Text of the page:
A very rare Empire gilt bronze mounted mahogany console-secrÃ©taire attributed to Jacob-Desmalter et Cie, the rectangular rouge griotte marble top above a frieze drawer centred by a beautiful gilt bronze escutcheon featuring Venus in her chariot drawn by a pair of swans, flanked either side by ribbon-tied wreaths, the sides with Apollo head mounts, the hinged frieze drawer opening to reveal a green leather writing slide below two pairs of smaller drawers flanking a central open compartment, the frieze drawer flanked by a pair of gilt bronze mounted laurel leaf wrapped caducei above columnar supports with gilt bronze Corinthian capitals and base before a mirrored back on a breakfronted rectangular base
Paris, date circa 1805-10
Height 92.5 cm, width 117 cm, depth 46 cm.
At first glance this very rare piece looks like a typical Empire console, however on closer inspection one finds that the frieze drawer has a hinged base and slides out to be transformed into a secrÃ©taire. Few craftsmen were capable of such workmanship and ingenuity as this, other than the famous Parisian Ã©bÃ©nistes Jacob-Desmalter et Cie at rue MeslÃ©e. The piece compares with a slightly later bureau by FranÃ§ois-HonorÃ©-Georges Jacob of 1821, which when closed also looks like a console. The later likewise of mahogany but without the decorative mounts and with curved legs terminating in lion paw feet was delivered to ChÃ¢teau de Rosny for the chamber de la vicomtesse de Gontaut (illustrated in Denise Ledoux-Lebard, â€œLe Mobilier FranÃ§ais du XIXe SiÃ¨cleâ€, 2000, p. 349). The quality of the mounts is of the highest standard and given their intricacy and superb craftsmanship it is very likely that they were made by the pre-eminent fondeur-ciseleur Pierre-Philippe Thomire (1751-1843), who often supplied Jacob.
Jacob-Desmalter was one of the most important firms of furniture makers during the Empire and Restauration. When its founder Georges Jacob (1739-1814), the greatest menuisier of the Louis XVI period, retired in 1796, he was succeeded by his two sons Georges II (1768-1803) and FranÃ§ois-HonorÃ©-Georges Jacob (1770-1841), who worked under the name of Jacob FrÃ¨res. But when Georges II died shortly after, his brother, who added the suffix of Desmalter (named after one of his fatherâ€™s properties in Burgundy), went back into business with his father at rue de MeslÃ©e and renamed the firm Jacob-Desmalter et Cie. During the Empire FranÃ§ois-HonorÃ©-Georges was described as menuisier-Ã©bÃ©niste, fabriquant des meubles et bronzes de LL., MM., II. et RR (Leurs MajestÃ©s ImpÃ©riales et Royales), implying that he played an active role in the practical side of the firmâ€™s craftsmanship.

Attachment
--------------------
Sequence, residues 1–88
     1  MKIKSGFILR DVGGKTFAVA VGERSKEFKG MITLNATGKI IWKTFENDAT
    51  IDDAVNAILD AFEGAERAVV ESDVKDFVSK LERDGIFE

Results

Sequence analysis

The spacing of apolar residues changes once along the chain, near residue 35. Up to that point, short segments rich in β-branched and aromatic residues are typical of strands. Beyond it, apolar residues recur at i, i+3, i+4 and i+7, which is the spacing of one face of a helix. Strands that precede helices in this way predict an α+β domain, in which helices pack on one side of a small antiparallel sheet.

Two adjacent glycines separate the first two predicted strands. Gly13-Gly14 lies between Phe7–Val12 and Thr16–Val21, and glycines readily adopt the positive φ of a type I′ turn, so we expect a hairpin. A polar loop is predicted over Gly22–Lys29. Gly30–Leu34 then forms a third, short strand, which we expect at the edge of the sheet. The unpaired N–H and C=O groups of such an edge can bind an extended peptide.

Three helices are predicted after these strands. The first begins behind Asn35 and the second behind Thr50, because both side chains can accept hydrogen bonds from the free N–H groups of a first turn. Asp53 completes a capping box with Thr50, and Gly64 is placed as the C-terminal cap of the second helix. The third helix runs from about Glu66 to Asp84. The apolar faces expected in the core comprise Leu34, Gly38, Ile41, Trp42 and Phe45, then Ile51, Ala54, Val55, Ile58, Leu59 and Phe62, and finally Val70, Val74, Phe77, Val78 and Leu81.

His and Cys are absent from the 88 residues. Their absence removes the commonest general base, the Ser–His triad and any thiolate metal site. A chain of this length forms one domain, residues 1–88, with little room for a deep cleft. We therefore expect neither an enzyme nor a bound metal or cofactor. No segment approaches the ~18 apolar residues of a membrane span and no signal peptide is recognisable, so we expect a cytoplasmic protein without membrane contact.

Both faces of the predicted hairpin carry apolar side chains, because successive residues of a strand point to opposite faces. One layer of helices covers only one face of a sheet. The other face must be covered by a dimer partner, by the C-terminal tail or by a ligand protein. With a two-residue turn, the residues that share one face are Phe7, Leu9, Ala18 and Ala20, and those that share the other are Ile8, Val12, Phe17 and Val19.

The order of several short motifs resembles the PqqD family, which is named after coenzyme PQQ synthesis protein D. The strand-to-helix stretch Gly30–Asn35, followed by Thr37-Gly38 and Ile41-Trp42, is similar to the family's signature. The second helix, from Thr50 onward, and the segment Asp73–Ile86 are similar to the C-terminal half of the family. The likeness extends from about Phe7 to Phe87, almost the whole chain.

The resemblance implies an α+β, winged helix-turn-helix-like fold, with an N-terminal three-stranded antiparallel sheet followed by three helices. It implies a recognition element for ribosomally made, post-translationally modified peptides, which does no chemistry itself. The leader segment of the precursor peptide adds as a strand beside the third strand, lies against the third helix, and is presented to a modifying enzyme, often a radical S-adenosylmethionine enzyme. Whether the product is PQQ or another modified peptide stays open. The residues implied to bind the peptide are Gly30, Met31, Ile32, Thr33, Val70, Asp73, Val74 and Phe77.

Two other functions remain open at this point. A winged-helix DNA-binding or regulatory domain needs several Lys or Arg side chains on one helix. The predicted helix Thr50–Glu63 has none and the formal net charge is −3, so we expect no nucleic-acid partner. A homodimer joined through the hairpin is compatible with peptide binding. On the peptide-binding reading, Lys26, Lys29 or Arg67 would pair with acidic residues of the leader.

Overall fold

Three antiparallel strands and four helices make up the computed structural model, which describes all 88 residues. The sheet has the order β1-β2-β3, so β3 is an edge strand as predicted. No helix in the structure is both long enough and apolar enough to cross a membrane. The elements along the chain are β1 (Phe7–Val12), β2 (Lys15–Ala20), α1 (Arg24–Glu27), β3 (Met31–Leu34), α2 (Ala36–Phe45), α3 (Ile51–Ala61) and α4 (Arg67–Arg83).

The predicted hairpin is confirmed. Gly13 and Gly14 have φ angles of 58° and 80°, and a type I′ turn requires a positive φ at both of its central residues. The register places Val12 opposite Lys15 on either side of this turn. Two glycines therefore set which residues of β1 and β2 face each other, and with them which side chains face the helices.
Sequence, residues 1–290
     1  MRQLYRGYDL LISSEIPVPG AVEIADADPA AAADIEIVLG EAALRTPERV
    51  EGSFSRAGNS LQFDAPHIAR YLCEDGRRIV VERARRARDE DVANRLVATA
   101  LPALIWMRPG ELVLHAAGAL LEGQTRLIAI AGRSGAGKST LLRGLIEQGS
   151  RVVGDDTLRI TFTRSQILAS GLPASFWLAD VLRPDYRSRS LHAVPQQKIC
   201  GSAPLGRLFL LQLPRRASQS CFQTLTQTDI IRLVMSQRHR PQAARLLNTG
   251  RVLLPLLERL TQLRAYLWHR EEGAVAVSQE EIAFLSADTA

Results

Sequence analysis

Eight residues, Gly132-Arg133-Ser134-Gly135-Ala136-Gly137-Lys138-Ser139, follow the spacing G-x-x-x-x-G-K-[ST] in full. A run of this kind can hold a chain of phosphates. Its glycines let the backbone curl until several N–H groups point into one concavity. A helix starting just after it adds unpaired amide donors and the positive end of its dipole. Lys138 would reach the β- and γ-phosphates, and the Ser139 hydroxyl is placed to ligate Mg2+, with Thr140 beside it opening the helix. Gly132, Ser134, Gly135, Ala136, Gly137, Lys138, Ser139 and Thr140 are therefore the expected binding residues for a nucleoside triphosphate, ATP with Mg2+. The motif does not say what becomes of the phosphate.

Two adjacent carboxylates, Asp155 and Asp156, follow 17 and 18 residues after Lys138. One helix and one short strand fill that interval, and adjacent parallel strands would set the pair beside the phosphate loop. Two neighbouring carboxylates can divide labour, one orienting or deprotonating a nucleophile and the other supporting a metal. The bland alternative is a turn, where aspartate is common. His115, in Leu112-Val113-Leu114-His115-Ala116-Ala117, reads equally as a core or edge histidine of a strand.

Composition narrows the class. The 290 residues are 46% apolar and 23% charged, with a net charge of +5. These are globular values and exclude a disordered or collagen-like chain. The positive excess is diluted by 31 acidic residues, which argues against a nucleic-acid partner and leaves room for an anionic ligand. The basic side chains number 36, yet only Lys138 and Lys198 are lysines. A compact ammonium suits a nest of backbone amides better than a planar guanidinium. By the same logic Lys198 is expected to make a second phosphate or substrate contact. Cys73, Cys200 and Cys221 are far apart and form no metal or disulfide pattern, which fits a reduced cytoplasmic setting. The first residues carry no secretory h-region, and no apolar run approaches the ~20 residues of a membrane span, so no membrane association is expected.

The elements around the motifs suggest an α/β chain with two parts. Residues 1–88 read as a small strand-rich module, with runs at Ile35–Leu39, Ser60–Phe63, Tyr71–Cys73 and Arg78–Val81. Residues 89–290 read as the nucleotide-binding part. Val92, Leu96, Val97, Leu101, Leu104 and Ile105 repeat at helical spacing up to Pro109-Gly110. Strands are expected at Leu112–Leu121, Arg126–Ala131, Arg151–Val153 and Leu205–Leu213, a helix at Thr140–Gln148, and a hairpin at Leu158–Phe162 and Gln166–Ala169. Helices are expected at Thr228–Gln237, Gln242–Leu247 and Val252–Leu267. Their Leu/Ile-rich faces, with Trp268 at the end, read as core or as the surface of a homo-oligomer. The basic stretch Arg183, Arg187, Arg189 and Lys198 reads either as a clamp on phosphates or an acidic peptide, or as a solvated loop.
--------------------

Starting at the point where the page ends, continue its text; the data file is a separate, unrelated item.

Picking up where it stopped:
Following Jacob-Desmalterâ€™s appointment as Ã©bÃ©niste de lâ€™Empereur the firmâ€™s activities significantly increased. Numerous commissions came from the Garde-Meuble Imperial to supply furniture to various Bonaparte residences, especially those of the Empress JosÃ©phine. The firm was also patronised by many notable figures and rich Parisian bourgeoisie. Commissions also came from abroad, from Czar Alexander I of Russia and Charles IV of Spain.
Among the firmâ€™s most important surviving items are the Imperial throne at Fontainebleau, the jewel cabinet made for Marie-Louise and the display cases in the Cabinet des Antiques at the BibliothÃ¨que Nationale, Paris. Jacob-Desmalterâ€™s work can also be admired in numerous other collections including the ChÃ¢teaux de CompiÃ¨gne, Fontainebleau, Malmaison, Versailles and Sceaux lâ€™Ille-de-France as well as the MusÃ©es du Louvre, Marmottan, Mobile National, Grand Trianon, NapolÃ©on and Tours. The BibliothÃ¨que Marmottan, Banque de France, MinistÃ¨re des Affaires EtrangÃ¨res and the Palais dâ€™Aranjuez in Spain are among many others to own Jacob-Desmalterâ€™s work.